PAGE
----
The White House and House Speaker Nancy Pelosi’s staff are testing out a partnership to fight high drug prices for a domestic policy win, White House sources said according to Politico Tuesday.
The staff-level talks are being overseen by Domestic Policy Council Director Joe Grogan and the Department of Health and Human Services. Pelosi health policy staffer Wendell Primus is representing her office, reported Politico. He was the lead staffer in developing the Affordable Care Act (ACA).
“House Democrats promised the American people we’d take bold action to lower prescription drug prices, and that’s what we’re going to do,” Pelosi spokesman Henry Connelly told Politico. The talks are not negotiations, he said.
The issue is a big one for the American people. Fifty-two percent of people said that “passing legislation to bring down the price of prescription drugs should be a ‘top priority’ for President [Donald] Trump and Congress” according to a Kaiser Family Foundation poll in March 2018.
But getting the two sides to work together on something is easier said than done. News of a possible partnership comes after the Department of Justice sided Monday with a December district court ruling that found the ACA violated the Constitution.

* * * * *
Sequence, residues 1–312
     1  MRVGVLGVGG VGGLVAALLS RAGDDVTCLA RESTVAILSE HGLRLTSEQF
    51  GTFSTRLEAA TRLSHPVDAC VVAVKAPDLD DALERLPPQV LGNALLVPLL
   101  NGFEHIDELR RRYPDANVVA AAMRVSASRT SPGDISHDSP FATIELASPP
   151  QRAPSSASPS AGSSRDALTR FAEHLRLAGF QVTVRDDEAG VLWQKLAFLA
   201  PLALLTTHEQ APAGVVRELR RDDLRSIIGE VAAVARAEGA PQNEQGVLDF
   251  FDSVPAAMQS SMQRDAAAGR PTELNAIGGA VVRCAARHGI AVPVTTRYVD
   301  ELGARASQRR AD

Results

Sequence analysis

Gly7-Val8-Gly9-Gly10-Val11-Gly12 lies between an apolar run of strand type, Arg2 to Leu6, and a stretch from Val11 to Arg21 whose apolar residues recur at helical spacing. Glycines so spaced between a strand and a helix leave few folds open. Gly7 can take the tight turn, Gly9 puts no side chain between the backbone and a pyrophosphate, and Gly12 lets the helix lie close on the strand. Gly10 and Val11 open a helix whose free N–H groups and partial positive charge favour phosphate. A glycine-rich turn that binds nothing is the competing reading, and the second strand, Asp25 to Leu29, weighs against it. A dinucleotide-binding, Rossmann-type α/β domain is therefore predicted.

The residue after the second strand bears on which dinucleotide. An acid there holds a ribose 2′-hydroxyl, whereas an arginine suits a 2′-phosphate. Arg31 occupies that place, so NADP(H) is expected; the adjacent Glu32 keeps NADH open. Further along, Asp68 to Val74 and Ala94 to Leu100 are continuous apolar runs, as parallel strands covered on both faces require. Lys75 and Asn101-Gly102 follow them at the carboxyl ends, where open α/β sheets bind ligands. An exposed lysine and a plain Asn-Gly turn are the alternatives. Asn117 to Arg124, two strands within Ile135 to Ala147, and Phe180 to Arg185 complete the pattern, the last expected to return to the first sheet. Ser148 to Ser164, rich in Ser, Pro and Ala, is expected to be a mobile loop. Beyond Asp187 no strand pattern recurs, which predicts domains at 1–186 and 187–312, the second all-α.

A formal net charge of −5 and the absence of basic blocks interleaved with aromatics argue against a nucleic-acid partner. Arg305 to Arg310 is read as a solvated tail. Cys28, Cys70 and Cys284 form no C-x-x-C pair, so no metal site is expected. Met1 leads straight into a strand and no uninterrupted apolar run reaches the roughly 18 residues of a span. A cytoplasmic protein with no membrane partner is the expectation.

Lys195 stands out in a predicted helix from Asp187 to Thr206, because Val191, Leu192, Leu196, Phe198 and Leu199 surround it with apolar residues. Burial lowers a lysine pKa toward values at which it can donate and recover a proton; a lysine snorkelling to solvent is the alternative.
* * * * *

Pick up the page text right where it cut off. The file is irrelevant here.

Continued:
“Tonight in federal court, the Trump Admin[istration] declared all out war on affordable, dependable health care. In the courts, in the Congress, all across America, Democrats will fight relentlessly to #ProtectOurCare!” Pelosi wrote on Twitter Monday night.
Meanwhile, House Democrats are likely get the ball rolling on their own by moving a package of narrow bills aimed at creating more generic drug competition this week, reported Politico. The White House’s drug price reduction plan includes pushing manufacturers to pass discounts directly to consumers and change how pharmacy benefit managers, which act as drug supply middlemen, work.
Many Democrats focused on health care in the 2018 midterm elections and are now finding prescription drug policy more uniting than health insurance policy. Months after Pelosi declared “health care won” in the midterm elections, Democrats are divided on what their next legislative step is when it comes to health care. Democrats with more moderate bases could be in trouble should Pelosi put the far-reaching Medicare for all bill up to a vote.
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